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US sues after California governor signs ‘net neutrality’ law

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The U.S. Justice Department late on Sunday filed suit after California Governor Jerry Brown signed legislation to restore open internet protections known as net neutrality in the state after the Trump administration repealed the rules in December 2017.

This marked the latest clash between the Trump administration and California, which have sparred over environmental, immigration and other hot-button issues.

U.S. Attorney General Jeff Sessions said on Sunday in a statement that “states do not regulate interstate commerce — the federal government does. Once again the California legislature has enacted an extreme and illegal state law attempting to frustrate federal policy.”

California’s net neutrality law is set to take effect on Jan. 1, but the Justice Department late Sunday in a court filing sought a preliminary injunction to block it from taking effect, warning that internet companies “cannot realistically comply with one set of standards in this area for California and another for the rest of the nation — especially when internet communications frequently cross multiple jurisdictions.”

The government said that California sought to “second-guess” the federal government and warned “the effect of this state legislation would be to nullify federal law across the country.”

In December, the Federal Communications Commission said in repealing the Obama-era rules that it was preempting states from setting their own rules governing internet access.

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California Attorney General Xavier Becerra said on Sunday the Trump Administration was ignoring “millions of Americans who voiced strong support for net neutrality rules” while California, which is “home to countless start-ups, tech giants and nearly 40 million consumers – will not allow a handful of power brokers to dictate sources for information or the speed at which websites load.”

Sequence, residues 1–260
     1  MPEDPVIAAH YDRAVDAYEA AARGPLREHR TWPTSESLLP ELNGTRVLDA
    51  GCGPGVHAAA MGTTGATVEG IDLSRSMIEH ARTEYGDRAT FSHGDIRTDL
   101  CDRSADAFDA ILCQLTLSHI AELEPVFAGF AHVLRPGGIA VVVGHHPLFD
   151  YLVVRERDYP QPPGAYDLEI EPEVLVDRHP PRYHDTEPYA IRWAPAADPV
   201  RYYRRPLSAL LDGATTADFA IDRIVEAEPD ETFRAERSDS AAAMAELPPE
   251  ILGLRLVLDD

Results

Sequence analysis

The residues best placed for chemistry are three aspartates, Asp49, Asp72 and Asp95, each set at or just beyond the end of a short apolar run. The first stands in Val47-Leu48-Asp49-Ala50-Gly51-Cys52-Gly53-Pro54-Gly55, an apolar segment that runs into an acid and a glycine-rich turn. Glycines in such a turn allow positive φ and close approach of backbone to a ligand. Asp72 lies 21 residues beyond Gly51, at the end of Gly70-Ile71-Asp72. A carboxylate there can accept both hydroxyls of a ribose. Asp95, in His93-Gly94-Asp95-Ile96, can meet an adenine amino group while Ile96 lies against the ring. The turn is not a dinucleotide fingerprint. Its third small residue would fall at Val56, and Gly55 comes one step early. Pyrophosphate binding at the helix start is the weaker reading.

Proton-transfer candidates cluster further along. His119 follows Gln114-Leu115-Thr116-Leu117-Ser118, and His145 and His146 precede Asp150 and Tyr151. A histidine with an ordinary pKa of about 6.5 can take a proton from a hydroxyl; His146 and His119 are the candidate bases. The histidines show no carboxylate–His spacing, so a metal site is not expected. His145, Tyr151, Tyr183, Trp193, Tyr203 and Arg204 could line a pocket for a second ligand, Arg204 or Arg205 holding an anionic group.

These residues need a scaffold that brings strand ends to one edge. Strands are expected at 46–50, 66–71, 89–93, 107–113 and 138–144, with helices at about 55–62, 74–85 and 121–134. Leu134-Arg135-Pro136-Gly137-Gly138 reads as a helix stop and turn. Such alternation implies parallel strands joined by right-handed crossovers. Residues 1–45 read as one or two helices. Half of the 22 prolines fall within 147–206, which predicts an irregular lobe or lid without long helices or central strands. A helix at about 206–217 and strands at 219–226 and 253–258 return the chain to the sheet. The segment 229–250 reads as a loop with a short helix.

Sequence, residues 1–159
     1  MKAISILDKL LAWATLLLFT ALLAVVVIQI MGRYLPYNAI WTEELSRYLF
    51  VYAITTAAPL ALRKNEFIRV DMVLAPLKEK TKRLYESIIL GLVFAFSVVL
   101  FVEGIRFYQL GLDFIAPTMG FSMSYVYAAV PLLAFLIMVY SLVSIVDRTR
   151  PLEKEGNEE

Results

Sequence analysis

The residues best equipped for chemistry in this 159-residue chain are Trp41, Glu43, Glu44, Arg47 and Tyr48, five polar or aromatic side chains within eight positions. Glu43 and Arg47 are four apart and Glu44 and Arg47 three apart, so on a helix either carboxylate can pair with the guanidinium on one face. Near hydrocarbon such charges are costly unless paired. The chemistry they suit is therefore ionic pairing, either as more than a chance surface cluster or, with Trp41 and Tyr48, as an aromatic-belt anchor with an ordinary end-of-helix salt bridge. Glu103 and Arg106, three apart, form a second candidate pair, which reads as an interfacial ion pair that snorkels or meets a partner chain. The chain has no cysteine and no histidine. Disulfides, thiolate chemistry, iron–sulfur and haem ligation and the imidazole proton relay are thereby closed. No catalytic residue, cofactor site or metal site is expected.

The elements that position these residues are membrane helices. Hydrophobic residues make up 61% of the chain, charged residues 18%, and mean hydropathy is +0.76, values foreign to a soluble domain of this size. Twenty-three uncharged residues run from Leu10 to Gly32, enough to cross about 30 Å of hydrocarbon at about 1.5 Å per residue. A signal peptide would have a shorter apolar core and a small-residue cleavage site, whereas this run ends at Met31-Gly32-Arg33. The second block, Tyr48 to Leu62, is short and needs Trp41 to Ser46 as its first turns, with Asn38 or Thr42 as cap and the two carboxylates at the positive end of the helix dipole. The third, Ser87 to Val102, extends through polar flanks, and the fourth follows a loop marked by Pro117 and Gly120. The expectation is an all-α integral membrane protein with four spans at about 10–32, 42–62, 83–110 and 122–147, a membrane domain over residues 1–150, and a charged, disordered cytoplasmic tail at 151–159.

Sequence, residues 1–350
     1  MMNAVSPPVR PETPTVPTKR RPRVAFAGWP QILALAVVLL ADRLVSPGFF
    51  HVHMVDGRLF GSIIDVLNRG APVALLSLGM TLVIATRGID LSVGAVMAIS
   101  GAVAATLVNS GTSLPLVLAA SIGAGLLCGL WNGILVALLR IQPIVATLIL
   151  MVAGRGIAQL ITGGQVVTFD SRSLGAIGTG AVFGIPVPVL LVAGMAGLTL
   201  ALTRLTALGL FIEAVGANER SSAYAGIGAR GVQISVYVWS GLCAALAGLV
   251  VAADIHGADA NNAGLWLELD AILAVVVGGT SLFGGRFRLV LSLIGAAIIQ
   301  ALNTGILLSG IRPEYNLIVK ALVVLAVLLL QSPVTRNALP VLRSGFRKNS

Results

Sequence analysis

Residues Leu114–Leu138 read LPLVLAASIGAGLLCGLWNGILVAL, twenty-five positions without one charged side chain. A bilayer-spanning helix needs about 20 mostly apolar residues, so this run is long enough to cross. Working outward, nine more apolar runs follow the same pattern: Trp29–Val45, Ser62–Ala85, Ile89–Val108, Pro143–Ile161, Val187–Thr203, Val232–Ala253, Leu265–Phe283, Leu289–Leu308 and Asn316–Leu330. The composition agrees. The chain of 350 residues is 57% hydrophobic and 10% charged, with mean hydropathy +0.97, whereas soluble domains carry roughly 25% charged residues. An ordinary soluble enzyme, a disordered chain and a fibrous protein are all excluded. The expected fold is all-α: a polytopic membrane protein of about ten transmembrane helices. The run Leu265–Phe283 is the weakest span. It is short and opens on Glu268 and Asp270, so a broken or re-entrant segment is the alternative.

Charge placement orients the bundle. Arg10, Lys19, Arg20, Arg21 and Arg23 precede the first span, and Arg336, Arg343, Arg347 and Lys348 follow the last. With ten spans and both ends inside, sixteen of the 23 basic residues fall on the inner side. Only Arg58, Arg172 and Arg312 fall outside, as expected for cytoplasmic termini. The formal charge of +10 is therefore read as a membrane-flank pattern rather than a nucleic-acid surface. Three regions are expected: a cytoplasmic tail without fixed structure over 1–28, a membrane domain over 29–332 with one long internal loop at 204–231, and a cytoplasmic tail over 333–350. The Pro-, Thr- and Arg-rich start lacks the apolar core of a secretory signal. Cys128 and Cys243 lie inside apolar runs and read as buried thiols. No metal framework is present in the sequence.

The Trump administration rules were a win for providers like Comcast Corp, AT&T Inc and Verizon Communications Inc, but the net neutrality repeal was opposed by internet companies like Facebook Inc, Amazon.com Inc and Alphabet Inc.

In March, Brown accused the Trump administration of essentially declaring war on the most populous U.S. state after the Justice Department sued to stop policies that protect illegal immigrants against deportation.

Under President Donald Trump, the FCC voted 3-2 in December along party lines to reverse rules that barred internet service providers from blocking or throttling traffic or offering paid fast lanes, also known as paid prioritization.

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FCC Chairman Ajit Pai, who led the effort to reverse net neutrality, said in a statement on Sunday that “not only is California’s internet regulation law illegal, it also hurts consumers. The law prohibits many free-data plans, which allow consumers to stream video, music, and the like exempt from any data limits.”

Gigi Sohn, a former senior aide to FCC Chairman Tom Wheeler, who ran the agency when the net neutrality rules were adopted, said the California law “is now the model for all future state and federal legislation … this is what internet users across the political spectrum have said they want by overwhelming majorities.”

Jonathan Spalter, who heads USTelecom, an industry trade group, said California’s law will not “help advance the promise and potential of California’s innovation DNA.”